That first year in Philly was a gamble for JJ Redick, but he got way more than he expected in one area. By Adam Hermann
There were no positive tests among the 343 players tested for COVID-19 in the past week in Orlando.
Mychal Thompson vehemently disagrees with the whole “Steph is not a superstar” argument …
Juan Soto is back in Nats lineup but still wants to clear his name: He doesn’t believe he had coronavirus despite positive test the morning of season opener.
The 7th and final Future Wager pool for this year’s Kentucky Derby will be open August 7-9 and Belmont Stakes winner Tiz the Law is the morning line favorite at 9-5 this time. Get all the horses, morning line odds, and eventually free past performances here.
Richard Jefferson, Adam Amin and Jamie LoFiego discuss how the Magic guard can continue to prove he can be an NBA star with Orlando – and it’s too early to judge the first overall pick from the 2017 NBA draft.
Reaching 10 years in the majors usually means a big celebration with teammates. Not this year.
Braves outfielder Nick Markakis, who originally opted out this season, has been reinstated to the team, while Ozzie Albies and Matt Adams were placed on the injured list.
Miami’s Albert Wilson was the second Dolphins receiver in as many days to opt out. Allen Hurns decided on Tuesday that he won’t play in 2020.
Formula One commentary legend Murray Walker believes Lewis Hamilton is better than Ayrton Senna and Michael Schumacher because he does not share their “highly debatable driving tactics”.
There’s a line of demarcation in Rory McIlroy’s 2019-20 season, and it’s the PGA TOUR’s three-month layoff in which the entire sports world paused for the coronavirus pandemic. Before the TOUR shut things down after the first round of THE PLAYERS Championship in March, McIlroy – the defending FedExCup champion and Player of the Year – had six straight top-five finishes, including a win at the World Golf Championships-HSBC Champions. Since then? Five starts and just one top-30 finish, a T11 at the Travelers Championship. “Before the world sort of shut down, I was playing some really good golf, consistent,” McIlroy said from San Francisco’s chilly TPC Harding Park, where he is gearing up for this week’s PGA Championship. “And then yeah, having that three-month break, coming back, everything sort of changed. Everything feels different, in the competitive arena, anyway.” Not that McIlroy has faded into obscurity. Hardly. He’s fifth in the FedExCup, and had retained the No. 1 world ranking until losing it to Jon Rahm last month. (Rahm has since lost it to Justin Thomas.) No, the results for McIlroy have just been – flat. “My game doesn’t feel that far away,” he said. “I feel like I’ve played pretty well. I just haven’t got a lot out of my game. Haven’t scored as well as I was doing before the lockdown. … Haven’t been efficient as I was back then. Short game hasn’t quite been as sharp.” The question is why, and can he get it back. Coastal-adjacent TPC Harding Park, where he won the 2015 WGC-Dell Technologies Match Play, beating Gary Woodland in the final, is one of his happy places on the schedule, so a return to form there this week would not be entirely unexpected. Maybe there’s still some McIlroy mojo hovering up there in the marine layer. Granted, the layout and routing are different, and the course is playing longer, and with narrower fairways. The damp conditions are more or less the same. The sweater weather remains. Also, as McIlroy noted, the PGA setup man is still Kerry Haigh, whom he likes. (The PGA is the lone major McIlroy has won twice, at Kiawah in 2012 and Valhalla in 2014.) As for his relatively lackluster results, the chattering class has speculated about the why, and McIlroy hasn’t denied it. Having noted a certain week-to-week sameness in golf’s (and other pro sports’) quiet new normal, he suggested he has struggled to play without galleries. “He draws a lot of his energy from the fact that fans of all nationalities pull for him,” said Golf Channel analyst and former world No. 1 David Duval. “He’s a world-favorite player. Being out here where there are so (few) people around can take some adjustment.” McIlroy wouldn’t deny that, but knows things aren’t likely to change overnight as the virus shows no signs of going away. And he knows he’s going to have to find his A-game on his own. “I’ve said in the last few weeks that I’ve struggled to adapt to it,” he said, “but it is what it is. You need to go out there and do the best that you can. We all wish that we were playing in front of fans and have it feel like a real major championship, but I think we’re just lucky that we’re able to play golf tournaments at this point and grateful to PGA of America and all the governing bodies for adapting and pivoting and being able to put on these championships.” And again: He’s not far off. “I shot a 63 at Colonial,” he said. “I shot a 65 to make the cut at Hilton Head; a 63 at Travelers, a couple of good scores last week in Memphis. So the good stuff is in there. I was just saying earlier, it’s just the sharpness and being efficient with my scoring. “Turning the 73s that I’ve shot into 70s,” he added. “That’s the sort of stuff that I think when you’re sharp and you’re playing a bit and you’re sort of in your groove you’re able to do that a little better, and that’s the stuff that I haven’t been able to do since coming back out here.”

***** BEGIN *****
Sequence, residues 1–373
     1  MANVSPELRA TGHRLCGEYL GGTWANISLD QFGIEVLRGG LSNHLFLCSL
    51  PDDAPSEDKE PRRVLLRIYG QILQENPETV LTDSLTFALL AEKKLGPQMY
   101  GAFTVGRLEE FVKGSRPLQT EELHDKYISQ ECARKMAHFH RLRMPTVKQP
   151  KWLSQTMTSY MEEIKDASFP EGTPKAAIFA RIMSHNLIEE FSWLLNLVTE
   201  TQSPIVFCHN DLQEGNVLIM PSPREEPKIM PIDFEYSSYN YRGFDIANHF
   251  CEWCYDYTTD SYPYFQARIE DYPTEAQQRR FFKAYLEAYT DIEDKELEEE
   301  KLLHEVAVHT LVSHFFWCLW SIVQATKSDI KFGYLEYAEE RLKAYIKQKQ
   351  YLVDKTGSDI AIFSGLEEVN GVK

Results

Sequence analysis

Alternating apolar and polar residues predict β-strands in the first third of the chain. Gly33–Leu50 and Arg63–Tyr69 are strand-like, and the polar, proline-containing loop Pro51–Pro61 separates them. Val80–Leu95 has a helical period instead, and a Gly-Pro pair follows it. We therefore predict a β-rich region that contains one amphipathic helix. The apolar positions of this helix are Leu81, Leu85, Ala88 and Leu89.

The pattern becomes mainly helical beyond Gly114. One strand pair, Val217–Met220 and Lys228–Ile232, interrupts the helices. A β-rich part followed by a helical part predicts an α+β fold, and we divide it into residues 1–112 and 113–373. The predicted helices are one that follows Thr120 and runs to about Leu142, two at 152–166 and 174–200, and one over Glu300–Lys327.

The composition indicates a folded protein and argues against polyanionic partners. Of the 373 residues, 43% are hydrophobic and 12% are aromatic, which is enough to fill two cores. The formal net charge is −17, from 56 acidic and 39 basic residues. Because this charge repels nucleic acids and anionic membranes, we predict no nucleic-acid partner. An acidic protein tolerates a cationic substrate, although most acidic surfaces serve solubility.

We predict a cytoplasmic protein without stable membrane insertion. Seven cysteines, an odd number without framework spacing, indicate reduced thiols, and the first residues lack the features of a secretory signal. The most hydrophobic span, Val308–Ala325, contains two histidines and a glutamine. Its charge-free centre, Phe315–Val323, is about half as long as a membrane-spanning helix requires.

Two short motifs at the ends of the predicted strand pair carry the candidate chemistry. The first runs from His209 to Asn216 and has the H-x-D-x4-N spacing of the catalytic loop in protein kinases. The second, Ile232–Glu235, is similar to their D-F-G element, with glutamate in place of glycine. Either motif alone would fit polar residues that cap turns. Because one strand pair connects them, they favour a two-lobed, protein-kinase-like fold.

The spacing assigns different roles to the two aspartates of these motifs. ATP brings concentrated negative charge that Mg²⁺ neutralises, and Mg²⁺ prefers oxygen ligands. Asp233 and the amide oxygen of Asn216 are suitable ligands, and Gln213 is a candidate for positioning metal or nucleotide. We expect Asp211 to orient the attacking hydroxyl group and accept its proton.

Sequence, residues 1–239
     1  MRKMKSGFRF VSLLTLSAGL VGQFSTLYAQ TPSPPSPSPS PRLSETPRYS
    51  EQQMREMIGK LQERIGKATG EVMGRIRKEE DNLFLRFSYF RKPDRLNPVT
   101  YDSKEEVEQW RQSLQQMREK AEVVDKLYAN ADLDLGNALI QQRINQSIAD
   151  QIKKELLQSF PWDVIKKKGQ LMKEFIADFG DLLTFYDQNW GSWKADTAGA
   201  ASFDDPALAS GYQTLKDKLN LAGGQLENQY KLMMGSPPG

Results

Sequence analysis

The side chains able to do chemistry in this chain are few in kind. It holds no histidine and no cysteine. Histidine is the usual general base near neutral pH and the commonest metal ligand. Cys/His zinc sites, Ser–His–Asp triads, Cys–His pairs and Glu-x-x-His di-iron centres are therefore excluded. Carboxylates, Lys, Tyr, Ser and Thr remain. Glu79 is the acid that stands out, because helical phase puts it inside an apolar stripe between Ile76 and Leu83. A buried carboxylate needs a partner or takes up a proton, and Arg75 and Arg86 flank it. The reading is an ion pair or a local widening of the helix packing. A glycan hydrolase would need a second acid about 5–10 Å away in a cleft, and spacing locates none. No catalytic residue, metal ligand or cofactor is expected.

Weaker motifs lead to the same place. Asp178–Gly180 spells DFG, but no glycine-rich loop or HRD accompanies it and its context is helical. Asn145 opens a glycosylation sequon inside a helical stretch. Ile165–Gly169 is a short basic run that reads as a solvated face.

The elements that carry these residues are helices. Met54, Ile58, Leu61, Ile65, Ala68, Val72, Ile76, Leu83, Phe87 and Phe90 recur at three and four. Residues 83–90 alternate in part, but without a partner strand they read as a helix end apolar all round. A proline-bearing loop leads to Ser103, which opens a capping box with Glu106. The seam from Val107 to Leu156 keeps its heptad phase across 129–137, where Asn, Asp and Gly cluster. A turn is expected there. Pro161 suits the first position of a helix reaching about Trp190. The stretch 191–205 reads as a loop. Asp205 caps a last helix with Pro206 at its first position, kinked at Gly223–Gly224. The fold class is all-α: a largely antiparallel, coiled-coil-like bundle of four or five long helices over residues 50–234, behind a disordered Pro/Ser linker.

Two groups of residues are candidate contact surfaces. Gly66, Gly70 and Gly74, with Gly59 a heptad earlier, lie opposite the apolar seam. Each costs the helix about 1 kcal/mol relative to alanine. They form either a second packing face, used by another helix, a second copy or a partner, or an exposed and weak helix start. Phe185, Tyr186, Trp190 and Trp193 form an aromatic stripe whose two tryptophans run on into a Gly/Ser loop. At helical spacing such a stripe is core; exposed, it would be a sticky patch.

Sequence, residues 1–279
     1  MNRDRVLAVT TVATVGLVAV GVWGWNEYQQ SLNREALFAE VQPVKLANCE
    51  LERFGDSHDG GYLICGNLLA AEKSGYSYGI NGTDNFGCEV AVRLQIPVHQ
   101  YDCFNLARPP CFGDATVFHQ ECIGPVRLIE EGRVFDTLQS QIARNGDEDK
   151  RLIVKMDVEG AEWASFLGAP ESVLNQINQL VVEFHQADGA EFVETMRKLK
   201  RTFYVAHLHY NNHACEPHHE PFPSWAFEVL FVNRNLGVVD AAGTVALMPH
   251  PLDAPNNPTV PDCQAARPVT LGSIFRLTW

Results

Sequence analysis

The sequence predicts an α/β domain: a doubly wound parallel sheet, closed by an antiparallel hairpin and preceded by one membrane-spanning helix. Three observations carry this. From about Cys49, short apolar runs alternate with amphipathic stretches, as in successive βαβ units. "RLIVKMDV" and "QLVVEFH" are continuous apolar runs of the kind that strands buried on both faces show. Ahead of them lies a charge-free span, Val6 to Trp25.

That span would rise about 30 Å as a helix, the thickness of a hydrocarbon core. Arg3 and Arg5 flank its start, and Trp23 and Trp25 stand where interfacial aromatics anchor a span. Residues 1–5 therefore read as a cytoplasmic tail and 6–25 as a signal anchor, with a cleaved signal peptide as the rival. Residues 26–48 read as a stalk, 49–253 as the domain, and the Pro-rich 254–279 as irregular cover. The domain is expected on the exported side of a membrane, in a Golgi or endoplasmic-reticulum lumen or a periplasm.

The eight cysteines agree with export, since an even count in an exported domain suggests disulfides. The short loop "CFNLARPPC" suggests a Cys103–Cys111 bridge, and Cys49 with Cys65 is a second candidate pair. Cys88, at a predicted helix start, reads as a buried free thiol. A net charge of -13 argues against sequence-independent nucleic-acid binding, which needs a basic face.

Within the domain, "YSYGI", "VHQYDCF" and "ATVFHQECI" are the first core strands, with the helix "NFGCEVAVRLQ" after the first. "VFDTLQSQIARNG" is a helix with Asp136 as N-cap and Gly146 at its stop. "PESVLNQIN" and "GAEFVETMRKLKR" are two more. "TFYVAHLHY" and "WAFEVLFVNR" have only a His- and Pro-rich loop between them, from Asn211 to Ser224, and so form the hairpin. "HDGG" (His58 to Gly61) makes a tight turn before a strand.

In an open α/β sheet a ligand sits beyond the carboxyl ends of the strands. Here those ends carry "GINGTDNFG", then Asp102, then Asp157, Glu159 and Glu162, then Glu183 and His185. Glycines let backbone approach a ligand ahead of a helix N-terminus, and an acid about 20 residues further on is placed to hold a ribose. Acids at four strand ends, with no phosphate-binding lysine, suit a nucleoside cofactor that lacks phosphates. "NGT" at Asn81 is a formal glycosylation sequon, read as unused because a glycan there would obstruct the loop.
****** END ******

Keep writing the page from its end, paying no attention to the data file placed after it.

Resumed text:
Six more games coming in hot! Plus a look back at Tuesday’s elimination, fake punch and standout performers.